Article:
However, there are significant benefits to snitching. From a government perspective, the principal appeal of snitching is in its rationality. The government permits criminals to assess and improve their legal liability by turning other, “bigger” criminals, and by allowing criminals to act out of rational self-interest, rather than from coercion, reinforces the appearance of overall justness of the system. While Natapoff rightfully sees coercive elements in the way that informants are “flipped,” including the absence of counsel, and the potential fabrication of the charges used as a pretext for confronting the would-be collaborator, her horror stories of informants desperately fabricating evidence against their neighbors could easily be weeded out by some of her reforms, especially the increased presence of counsel.
More than that, snitching breaks down any perception of moral legitimacy within the criminal groups it targets. By destroying their internal cohesiveness, which may be expressed in the form of “honor” or “family,” it serves to effectively repudiate a morality that competes with the morality of the law. This morality narrative plays out in the last episode of the third season of the HBO series, The Wire. When one of the protagonists, Detective Jimmy McNulty, arrests West Baltimore drug kingpin Avon Barksdale, who he had been chasing for the past three seasons, he makes a point of showing him the line on the warrant that lists the source of information as Stringer Bell, his best friend and second in command, to whose murder Barksdale had acquiesced in the previous episode. The impact of the moral victory stuns all of the detectives who had worked on the case.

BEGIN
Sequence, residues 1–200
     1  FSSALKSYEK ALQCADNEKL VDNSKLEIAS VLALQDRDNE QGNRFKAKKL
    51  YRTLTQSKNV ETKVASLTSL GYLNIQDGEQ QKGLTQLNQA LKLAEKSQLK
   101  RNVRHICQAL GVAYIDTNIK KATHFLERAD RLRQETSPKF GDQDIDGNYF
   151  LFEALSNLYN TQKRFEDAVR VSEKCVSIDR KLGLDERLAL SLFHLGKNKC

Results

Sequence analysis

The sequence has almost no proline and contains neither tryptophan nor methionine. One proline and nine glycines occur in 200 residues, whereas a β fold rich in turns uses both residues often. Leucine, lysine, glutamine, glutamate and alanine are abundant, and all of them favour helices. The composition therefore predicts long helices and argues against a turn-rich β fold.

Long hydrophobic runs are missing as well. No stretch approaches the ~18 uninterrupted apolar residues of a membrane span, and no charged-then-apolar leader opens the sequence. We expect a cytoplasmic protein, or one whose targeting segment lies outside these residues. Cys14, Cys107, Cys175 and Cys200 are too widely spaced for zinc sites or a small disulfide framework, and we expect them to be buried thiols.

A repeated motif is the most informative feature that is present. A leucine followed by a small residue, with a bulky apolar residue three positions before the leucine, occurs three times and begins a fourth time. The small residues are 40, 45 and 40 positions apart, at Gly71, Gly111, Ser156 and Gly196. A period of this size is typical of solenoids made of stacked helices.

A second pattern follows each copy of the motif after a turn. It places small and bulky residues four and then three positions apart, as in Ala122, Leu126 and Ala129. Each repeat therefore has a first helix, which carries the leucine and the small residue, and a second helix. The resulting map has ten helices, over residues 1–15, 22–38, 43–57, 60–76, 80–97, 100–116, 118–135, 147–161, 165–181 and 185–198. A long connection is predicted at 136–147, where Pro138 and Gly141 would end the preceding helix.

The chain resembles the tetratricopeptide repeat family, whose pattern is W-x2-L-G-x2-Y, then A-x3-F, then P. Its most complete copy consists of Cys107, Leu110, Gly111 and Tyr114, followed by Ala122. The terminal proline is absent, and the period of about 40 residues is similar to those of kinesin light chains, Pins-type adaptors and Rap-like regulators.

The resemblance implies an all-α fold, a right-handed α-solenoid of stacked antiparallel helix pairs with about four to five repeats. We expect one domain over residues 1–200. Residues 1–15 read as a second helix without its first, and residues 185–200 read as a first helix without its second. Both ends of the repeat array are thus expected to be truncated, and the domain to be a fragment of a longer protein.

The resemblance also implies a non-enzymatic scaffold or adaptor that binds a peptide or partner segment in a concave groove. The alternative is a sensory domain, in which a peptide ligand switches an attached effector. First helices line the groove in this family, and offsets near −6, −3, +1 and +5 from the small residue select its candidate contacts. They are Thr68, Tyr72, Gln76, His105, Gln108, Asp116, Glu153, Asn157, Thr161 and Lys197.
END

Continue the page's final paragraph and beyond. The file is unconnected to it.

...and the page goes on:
Another moralist dynamic of snitching is the anguish that it inflicts upon the double-agent. From punitive standpoint, the imposition of this constant terror, especially for cooperators providing information over the long term, adds another significant punitive element. The unpleasantness of cooperating may in fact ‘make up’ for some of the foregone jail time.
Thirdly, and most significant, is kind of tactical advantage that snitching allows investigators. Criminals’ knowledge that any one of their associates could be a snitch drives them to a heightened level of distrust. The knowledge that all of a criminal’s underworld associates participate in acts that could expose them to pressure to “flip” into informing creates a cycle of jeopardy; the more crimes undertaken with others, the more they are all exposed to criminal risk from each other. Snitching thus is a multiplier on the reach of law enforcement that must be dealt with by high-level criminals.
Perhaps the most prominent recent example of all of these factors at work comes from the first two seasons of HBO’s acclaimed drama, The Sopranos. Mob boss Tony Soprano wrestles with the possibility that his best friend and longtime associate Sal Bonpensiero is rating to the FBI. The lingering question not only causes him grief and stress, but also causes him to change his patterns and shift responsibility to different associates. Bonpensiero, on the other hand, is driven nearly insane with paranoia and angst.
Reconciling these two viewpoints of snitching is not necessarily difficult; Natapoff herself proposes ten reforms to combat abuses, none of which, except perhaps for the idea of “Defense Informants,” is particularly revolutionary; they mainly involve adding procedural oversight and protections on every level of the criminal process. Natapoff herself acknowledges the benefits to police work of informing. Perhaps, then, the Bulger affair is not a lingering reminder of a broken component of the criminal justice system, but a cautionary tale about how prone it is on the whole to the actions of immoral individuals, faced with bureaucratic pressures that favor careerism and “results” ahead of doing justice.